People within the company who are responsible for the hiring process, especially those who work for small to medium-sized companies, are interested in getting to know a candidate well before they even meet them in an interview. As most companies understand that hiring someone new is a huge investment, they find it essential to be thorough. Estimates show that a bad hire can cost a company more than £40,000, and hiring managers are well aware of this fact. As such, they want to prevent turnover by ensuring that a candidate is a right fit as well as skilled and passionate about working for them. This essentially means that they will scrutinise each and every job application that comes across their desk, and this includes reading your cover letter.

Moreover, as times are changing and the world is becoming more fast-paced, it may be natural for people to want to avoid wasting their time going through a cover letter that’s long and complicated, but that doesn’t mean that they won’t skim through a short and straightforward one that tells them why they need to hire you in just a few lines.

The Benefits of Including a Cover Letter In Your Job Application

There are many benefits you should consider when including a cover letter in your application. First and foremost is the fact that they tell the person reading them how you stand apart from the crowd. Keep in mind that whereas two CVs can be identical, a cover letter is always unique, and this is exactly why it can help you stand out.

Apart from being unique and thus helping you stand out, cover letters are also essentially supplementary to your CV. They enhance it and they demonstrate how your experience applies to a company’s needs. Ultimately, this letter works as an interpreter; it explains what your CV is trying to argue and it helps you cater to the needs of your target audience more.

Not including one in your job application will only make you seem sloppy and lazy, so if you are trying to promote yourself as a highly energetic and passionate professional, then you need to make the most of this marketing tool available to you.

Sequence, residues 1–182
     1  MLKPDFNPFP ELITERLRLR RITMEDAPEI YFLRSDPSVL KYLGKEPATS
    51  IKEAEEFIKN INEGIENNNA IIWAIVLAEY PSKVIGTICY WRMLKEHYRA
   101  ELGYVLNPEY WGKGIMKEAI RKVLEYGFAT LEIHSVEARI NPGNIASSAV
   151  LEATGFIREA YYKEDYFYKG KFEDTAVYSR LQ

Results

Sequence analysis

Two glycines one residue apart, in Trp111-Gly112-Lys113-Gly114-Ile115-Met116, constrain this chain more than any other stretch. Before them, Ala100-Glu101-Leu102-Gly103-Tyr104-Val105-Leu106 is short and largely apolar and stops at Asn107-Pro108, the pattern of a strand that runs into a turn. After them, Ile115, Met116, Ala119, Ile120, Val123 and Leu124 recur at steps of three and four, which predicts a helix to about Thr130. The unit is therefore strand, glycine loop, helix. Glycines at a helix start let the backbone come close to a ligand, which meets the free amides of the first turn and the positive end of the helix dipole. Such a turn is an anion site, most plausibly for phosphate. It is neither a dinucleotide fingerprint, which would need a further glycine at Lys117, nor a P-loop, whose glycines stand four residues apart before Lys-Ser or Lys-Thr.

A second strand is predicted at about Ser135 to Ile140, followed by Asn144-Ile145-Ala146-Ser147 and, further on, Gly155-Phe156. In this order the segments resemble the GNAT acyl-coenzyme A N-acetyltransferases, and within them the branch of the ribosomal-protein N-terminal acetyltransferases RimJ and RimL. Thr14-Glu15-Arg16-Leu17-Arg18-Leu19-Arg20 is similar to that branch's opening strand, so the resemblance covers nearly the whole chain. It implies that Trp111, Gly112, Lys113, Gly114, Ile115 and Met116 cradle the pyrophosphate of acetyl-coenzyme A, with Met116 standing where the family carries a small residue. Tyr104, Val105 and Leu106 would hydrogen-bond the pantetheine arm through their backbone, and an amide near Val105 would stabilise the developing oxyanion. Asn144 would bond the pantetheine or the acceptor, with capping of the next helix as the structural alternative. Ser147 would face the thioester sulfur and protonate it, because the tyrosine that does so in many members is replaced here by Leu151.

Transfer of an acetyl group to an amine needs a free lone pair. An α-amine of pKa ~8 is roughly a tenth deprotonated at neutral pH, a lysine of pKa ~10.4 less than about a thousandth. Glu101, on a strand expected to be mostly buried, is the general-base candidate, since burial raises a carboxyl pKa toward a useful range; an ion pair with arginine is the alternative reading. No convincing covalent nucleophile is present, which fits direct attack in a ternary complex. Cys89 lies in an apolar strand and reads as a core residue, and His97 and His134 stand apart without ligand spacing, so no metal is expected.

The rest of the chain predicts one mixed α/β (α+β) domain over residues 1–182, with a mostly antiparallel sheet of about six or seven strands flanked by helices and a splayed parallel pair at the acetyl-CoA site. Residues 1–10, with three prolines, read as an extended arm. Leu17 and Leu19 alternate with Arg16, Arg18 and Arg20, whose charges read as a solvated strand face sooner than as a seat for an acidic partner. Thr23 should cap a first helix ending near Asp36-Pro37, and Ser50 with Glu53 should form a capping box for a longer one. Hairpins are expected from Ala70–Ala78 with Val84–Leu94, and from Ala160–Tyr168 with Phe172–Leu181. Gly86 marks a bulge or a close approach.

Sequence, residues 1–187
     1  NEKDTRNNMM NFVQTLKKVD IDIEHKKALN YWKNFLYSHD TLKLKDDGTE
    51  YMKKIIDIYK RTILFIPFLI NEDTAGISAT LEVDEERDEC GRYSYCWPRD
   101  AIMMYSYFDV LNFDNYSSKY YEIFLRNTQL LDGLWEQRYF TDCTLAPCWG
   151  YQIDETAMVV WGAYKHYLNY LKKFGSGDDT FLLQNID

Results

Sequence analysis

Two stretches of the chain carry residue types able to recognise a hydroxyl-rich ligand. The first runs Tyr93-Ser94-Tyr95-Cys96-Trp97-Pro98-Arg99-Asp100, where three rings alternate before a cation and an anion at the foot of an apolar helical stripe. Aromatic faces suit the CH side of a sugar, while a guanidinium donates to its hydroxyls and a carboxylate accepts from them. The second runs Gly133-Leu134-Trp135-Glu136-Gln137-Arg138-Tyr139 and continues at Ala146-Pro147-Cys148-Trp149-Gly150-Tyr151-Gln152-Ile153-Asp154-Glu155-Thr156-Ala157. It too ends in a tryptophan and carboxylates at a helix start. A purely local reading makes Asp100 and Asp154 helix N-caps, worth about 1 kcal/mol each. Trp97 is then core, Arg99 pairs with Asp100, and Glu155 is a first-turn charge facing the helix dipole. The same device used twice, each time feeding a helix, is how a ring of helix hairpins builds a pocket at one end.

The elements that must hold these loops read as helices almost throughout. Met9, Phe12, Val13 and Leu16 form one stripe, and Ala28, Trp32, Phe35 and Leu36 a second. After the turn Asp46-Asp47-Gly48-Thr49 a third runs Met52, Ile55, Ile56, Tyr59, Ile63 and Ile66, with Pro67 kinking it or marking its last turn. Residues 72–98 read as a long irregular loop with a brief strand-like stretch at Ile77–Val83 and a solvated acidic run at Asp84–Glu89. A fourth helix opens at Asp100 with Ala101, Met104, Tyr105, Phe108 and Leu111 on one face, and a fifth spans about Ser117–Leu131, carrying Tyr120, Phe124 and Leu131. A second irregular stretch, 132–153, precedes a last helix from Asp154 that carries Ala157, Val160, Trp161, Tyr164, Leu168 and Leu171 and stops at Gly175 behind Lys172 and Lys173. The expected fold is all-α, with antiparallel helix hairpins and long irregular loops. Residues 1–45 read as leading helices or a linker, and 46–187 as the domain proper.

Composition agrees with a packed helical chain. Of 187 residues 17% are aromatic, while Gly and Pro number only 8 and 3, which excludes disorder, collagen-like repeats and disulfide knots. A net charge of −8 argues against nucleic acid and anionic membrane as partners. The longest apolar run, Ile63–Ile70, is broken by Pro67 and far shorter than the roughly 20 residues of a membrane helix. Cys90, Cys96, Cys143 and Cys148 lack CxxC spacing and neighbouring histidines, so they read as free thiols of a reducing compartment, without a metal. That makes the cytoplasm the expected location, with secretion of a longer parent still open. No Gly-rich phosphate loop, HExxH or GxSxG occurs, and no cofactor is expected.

Writing a Cover Letter

writing a cover letter

While it’s crucial to actually deliver one with your job application, it’s also important to make it as effective as possible, and this means that there are a few dos and don’ts you should pay attention to while crafting your cover letter.

For example, just like with CVs, it’s important that you keep it short. You don’t want it to go over a page as people have short attention spans, and hiring managers have hundreds of job applications to review and very little time to do so. It goes without saying that the longer your letter is, the fewer chances there are of it getting read.

But length isn’t the only thing you should pay attention to. There are also other factors to consider, such as what to include and how to arrange it in order to communicate your message in the best way possible.

The Strategy

In order to make your cover letter as effective as possible, you are going to need a strong tactic, and this means that you need to have a purpose for writing a cover letter.

Obviously, your goal is to get hired, but that does not mean that you need to beg for the job. Instead, your goal should be to present yourself as the solution to the company’s problem. If you rationalise the recruitment process, you’ll understand that there’s a reason behind looking for someone new to hire, and that reason or the needs they have are what we call the problem.

By identifying what it is, you will be able to deliver a cover letter that’s focused and targeted. In order to do that, you’ll need to use your logic as well as do some research on the company.

Identifying it is not as hard as you’d expect. Say, for example, that you are applying for a position in digital marketing and your research has proven that the company’s online presence is rather weak. It stands to reason, then, that they are looking to hire someone because they hope that that person will help them maximise their potential.